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Max Baucus

The cost of doing nothing

Just a reminder, as the health care reform battle lurches towards the finish line, that doing nothing is not a viable option.

A week after a Texas agency reported health care reform legislation would cost the state’s Medicaid program an extra $20 billion over the next 10 years, a non-partisan foundation says inaction will exact a greater price.

In a study [issued Tuesday], the Robert Wood Johnson Foundation projects that by 2019, Texas’ ranks of uninsured, public program spending and individual and employee health care expenses will balloon if reform isn’t passed.

“People worry about losing what they have now, but they need to remember that what they have now is likely to change,” said Bowen Garrett, a senior researcher with the Urban Institute’s health policy center, which conducted the study for the foundation. “Many who have employee-sponsored insurance will lose it as health care costs go up, and those fortunate enough to keep their plans will pay higher out-of-pocket costs or earn smaller wages as employers decide whether to cut on wages or benefits.”

The study, which estimates how coverage and cost trends would change from now to 2019 if health care isn’t reformed, found out-of-pocket expenses could increase by more than 35 percent in every state. It found middle-class working families would be hardest hit.

The full report is here. The Contrarian sums it all up.

I pointed out last week the flaw in this argument. Yes, expanding health coverage for millions of Texans will cost the state a lot of money — but it will also save a lot of money for county governments, which are paying much of the $7 billion a year in uncompensated care for Texas’ uninsured. (A lot of the cost for uncompensated care arises from people who lack health insurance showing up at emergency rooms in public hospitals — the single most expensive place to receive treatment.)

So health reform isn’t really new spending. It’s a cost shift: state government spends more, counties spend less.


If those projections are correct, maintaining our current health care system would cost Texans (especially local governments) a total of roughly $100 billion worth of uncompensated care for the uninsured in the next decade.

For the moment, let’s leave out the moral issue of providing Texans with health insurance and adequate health care.

Looking strictly at the economics: doing nothing would cost us roughly $100 billion.

So even if Perry is correct — that the Baucus plan would cost the state $60 billion by 2019 — doing nothing would be more expensive.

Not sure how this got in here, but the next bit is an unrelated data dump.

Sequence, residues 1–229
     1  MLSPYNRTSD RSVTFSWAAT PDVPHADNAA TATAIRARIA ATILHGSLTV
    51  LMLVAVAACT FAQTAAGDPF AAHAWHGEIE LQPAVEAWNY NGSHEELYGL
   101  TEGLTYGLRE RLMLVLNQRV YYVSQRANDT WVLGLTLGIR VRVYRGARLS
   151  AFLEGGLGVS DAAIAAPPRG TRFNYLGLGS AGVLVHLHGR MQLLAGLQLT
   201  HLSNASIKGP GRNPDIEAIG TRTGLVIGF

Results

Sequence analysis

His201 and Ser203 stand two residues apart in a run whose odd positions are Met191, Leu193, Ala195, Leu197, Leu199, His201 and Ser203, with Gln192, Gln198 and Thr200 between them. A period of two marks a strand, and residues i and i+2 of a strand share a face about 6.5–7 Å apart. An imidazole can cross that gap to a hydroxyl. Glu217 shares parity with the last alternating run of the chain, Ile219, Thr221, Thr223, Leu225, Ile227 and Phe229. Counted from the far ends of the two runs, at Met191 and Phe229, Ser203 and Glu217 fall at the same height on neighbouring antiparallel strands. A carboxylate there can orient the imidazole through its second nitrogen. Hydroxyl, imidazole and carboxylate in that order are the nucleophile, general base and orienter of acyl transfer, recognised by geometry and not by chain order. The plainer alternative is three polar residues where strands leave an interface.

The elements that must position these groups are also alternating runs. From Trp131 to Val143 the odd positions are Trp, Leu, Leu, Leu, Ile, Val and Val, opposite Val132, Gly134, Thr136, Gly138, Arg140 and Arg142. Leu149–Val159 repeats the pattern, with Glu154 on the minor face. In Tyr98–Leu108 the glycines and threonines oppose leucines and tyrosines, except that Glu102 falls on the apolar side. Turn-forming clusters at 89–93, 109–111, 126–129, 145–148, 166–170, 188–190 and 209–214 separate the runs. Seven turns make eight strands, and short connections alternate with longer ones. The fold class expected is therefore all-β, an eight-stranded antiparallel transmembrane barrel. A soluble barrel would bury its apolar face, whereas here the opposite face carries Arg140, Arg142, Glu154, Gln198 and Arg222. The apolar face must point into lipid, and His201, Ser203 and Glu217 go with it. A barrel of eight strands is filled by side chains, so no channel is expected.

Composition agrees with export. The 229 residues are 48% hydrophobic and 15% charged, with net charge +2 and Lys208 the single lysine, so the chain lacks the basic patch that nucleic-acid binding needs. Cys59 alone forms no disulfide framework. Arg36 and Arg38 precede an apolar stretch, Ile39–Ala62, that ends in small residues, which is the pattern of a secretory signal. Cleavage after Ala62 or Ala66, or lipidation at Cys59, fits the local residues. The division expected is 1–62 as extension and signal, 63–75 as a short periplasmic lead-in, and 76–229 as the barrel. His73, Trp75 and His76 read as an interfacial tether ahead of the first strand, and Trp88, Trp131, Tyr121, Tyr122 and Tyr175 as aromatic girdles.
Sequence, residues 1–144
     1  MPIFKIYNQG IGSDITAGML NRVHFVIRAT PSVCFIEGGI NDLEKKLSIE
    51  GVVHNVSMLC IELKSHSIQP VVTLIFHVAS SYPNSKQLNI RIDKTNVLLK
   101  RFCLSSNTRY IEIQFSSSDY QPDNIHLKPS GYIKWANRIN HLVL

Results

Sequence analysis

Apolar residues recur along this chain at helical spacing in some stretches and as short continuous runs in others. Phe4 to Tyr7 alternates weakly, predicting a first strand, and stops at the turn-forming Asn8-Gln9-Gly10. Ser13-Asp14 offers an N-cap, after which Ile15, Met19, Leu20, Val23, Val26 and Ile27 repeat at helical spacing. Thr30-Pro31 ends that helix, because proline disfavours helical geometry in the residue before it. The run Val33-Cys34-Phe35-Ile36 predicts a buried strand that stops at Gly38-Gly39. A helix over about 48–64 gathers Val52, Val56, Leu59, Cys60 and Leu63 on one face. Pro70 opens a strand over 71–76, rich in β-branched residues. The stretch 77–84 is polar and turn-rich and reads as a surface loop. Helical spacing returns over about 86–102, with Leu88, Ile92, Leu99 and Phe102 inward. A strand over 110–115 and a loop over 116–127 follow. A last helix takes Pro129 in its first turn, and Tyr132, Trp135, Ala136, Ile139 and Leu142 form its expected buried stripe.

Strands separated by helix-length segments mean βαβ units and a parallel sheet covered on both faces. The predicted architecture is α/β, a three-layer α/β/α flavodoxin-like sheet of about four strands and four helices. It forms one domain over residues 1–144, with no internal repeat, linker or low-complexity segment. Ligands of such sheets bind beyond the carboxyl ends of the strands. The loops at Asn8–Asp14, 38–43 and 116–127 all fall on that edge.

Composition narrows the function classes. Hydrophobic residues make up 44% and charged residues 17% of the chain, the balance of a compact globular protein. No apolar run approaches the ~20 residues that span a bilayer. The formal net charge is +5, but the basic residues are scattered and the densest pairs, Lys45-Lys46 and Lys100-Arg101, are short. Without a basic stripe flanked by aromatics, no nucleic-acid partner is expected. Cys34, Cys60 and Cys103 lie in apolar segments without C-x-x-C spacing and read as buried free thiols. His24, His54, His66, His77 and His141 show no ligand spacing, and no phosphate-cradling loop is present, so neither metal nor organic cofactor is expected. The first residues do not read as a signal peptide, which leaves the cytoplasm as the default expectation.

Seems like a pretty simple choice to make. Unless of course you’re one of those politicians who claims to be concerned about costs while doing nothing to address them.

Can we call this a bipartisan agreement?

From last week.

As Democrats in Congress push harder for a government-run health insurance plan that would compete with private insurers in some reform bills, Sen. John Cornyn said it remains a “deal-breaker” with Republicans.

From this week, via Kos.

Senate Majority Leader Harry Reid (D-Nev.) on Tuesday ordered Finance Chairman Max Baucus (D-Mont.) to drop a proposal to tax health benefits and stop chasing Republican votes on a massive health care reform bill.

Reid, whose leadership is considered crucial if President Barack Obama is to deliver on his promise of enacting health care reform this year, offered the directive to Baucus through an intermediary after consulting with Senate Democratic leaders during Tuesday morning’s regularly scheduled leadership meeting. Baucus was meeting with Finance ranking member Chuck Grassley (R-Iowa) Tuesday afternoon to relay the information.

According to Democratic sources, Reid told Baucus that taxing health benefits and failing to include a strong government-run insurance option of some sort in his bill would cost 10 to 15 Democratic votes; Reid told Baucus it wasn’t worth securing the support of Grassley and at best a few additional Republicans.

OK then. The Democrats can pass a better bill, and the Republicans can sit on the sidelines instead of “negotiating” a “compromise” that they’d all then vote against anyway. Works for me. Ezra notes the political calculus of it:

The story doesn’t say this, but the likely concessions would also have another effect: They would make the bill less appealing to the public. Taxing employer health benefits, which I support, is a wildly unpopular idea. So too is eliminating the public insurance option, which commands large majorities in polling (much larger majorities, actually, than health-care reform as a whole). A bipartisan bill, in other words, will probably attract three to four Republicans, and in return, sacrifice a half-dozen Democrats, demoralize the liberal base and create a plan that’s harder to sell to the public. It’s hard to imagine the cost-benefit calculus that could bring those sides of the ledger into balance.

He also thinks that this story was put out by a Democratic Senate staffer who opposes the idea of telling Baucus to ignore the Republicans, probably from one of the usual suspects. I have a feeling that it won’t play out the way that person hoped it would. I sure hope so, anyway.